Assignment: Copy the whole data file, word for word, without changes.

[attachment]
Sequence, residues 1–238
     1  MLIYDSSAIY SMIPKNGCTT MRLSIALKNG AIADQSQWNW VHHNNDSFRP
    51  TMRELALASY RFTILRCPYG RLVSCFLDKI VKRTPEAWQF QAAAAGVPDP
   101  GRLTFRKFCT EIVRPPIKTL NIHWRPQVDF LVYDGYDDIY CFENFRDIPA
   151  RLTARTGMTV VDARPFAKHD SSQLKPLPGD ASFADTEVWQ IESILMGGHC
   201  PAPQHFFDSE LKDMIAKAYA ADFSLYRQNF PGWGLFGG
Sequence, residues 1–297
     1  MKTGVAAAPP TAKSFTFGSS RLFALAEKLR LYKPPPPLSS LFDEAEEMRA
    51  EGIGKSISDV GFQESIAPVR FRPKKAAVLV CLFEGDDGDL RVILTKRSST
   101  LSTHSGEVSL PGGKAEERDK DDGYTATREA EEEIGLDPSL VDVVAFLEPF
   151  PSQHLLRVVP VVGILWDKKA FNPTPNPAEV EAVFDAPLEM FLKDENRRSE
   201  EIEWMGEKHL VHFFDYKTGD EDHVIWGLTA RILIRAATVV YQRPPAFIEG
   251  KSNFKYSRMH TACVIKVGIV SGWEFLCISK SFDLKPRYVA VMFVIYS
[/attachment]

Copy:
Sequence, residues 1–238
     1  MLIYDSSAIY SMIPKNGCTT MRLSIALKNG AIADQSQWNW VHHNNDSFRP
    51  TMRELALASY RFTILRCPYG RLVSCFLDKI VKRTPEAWQF QAAAAGVPDP
   101  GRLTFRKFCT EIVRPPIKTL NIHWRPQVDF LVYDGYDDIY CFENFRDIPA
   151  RLTARTGMTV VDARPFAKHD SSQLKPLPGD ASFADTEVWQ IESILMGGHC
   201  PAPQHFFDSE LKDMIAKAYA ADFSLYRQNF PGWGLFGG
Sequence, residues 1–297
     1  MKTGVAAAPP TAKSFTFGSS RLFALAEKLR LYKPPPPLSS LFDEAEEMRA
    51  EGIGKSISDV GFQESIAPVR FRPKKAAVLV CLFEGDDGDL RVILTKRSST
   101  LSTHSGEVSL PGGKAEERDK DDGYTATREA EEEIGLDPSL VDVVAFLEPF
   151  PSQHLLRVVP VVGILWDKKA FNPTPNPAEV EAVFDAPLEM FLKDENRRSE
   201  EIEWMGEKHL VHFFDYKTGD EDHVIWGLTA RILIRAATVV YQRPPAFIEG
   251  KSNFKYSRMH TACVIKVGIV SGWEFLCISK SFDLKPRYVA VMFVIYS